Employee called to jury duty refuses to go

What should employer do if employee refuses to answer call to jury duty, if anything?
By Brian Kenny
|Canadian Employment Law Today|Last Updated: 07/27/2011

Question: If an employee is called to jury duty but doesn’t want to go, does the employer have to do anything to ensure there isn’t any liability on its part and make it clear it’s the employee’s choice not to go?

Answer: Courts across Canada recognize jury service as a public duty owed by each citizen. Each province has its own legislation regarding jury duty and most are quite similar. Ordinarily, a person must be resident in the province or territory in which she is summoned, must be a Canadian citizen, and must have reached the age of majority in order to be qualified to serve as a juror. In each province and territory there are persons excluded from jury service — some common examples are lawyers, justices of the peace, and persons unable to understand the language in which the trial is to be conducted. For employers, this requires an awareness of the law surrounding employees being summoned and called to jury duty.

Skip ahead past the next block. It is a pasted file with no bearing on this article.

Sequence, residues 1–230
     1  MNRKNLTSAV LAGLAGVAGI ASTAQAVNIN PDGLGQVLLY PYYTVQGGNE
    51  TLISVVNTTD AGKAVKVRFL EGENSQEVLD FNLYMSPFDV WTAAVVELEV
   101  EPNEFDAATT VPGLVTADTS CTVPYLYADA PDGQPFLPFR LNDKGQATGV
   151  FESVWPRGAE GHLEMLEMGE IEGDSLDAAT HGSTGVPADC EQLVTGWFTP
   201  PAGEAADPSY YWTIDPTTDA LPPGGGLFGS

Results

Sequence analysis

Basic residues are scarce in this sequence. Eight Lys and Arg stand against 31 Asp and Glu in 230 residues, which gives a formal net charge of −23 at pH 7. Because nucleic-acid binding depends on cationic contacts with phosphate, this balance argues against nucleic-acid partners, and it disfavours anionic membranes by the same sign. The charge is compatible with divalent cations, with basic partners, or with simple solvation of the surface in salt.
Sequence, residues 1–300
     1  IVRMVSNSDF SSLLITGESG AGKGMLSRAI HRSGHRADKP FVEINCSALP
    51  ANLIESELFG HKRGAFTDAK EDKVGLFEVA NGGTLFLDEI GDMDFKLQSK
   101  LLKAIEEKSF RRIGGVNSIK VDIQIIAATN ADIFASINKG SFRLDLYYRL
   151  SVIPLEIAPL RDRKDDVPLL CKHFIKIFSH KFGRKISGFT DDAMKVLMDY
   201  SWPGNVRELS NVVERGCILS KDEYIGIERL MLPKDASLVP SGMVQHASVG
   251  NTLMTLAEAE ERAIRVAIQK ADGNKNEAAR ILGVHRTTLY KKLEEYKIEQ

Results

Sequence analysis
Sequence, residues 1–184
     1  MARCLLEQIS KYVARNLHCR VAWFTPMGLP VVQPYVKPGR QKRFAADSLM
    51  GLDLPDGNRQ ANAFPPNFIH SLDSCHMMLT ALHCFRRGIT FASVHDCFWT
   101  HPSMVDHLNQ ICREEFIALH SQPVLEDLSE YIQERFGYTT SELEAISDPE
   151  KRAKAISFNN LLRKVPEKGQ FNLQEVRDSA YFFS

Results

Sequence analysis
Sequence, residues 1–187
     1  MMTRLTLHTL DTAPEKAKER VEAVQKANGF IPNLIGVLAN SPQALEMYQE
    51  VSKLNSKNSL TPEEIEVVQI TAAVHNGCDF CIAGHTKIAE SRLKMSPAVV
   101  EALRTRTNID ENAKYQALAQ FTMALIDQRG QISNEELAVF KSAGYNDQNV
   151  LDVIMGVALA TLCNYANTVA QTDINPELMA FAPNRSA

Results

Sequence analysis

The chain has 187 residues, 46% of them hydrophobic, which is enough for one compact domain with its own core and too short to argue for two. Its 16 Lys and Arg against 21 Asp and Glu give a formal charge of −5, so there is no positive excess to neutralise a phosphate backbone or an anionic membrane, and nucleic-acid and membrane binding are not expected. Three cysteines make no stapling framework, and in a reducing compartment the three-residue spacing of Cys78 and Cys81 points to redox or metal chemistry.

Juror summons are sent to randomly selected names of qualified persons, who are required to respond within a reasonable time of the summons being received. Persons who have been summoned to serve as a juror and wish to seek relief from jury service can normally apply for relief from jury service before the opening of the court for which the person is summoned they may be excused under certain circumstances. Otherwise, persons required at court for jury duty are usually required to attend until discharged by the presiding judge. Of those summoned for jury duty, only some persons are randomly selected and called to serve on the jury, and only these persons are sworn in for service.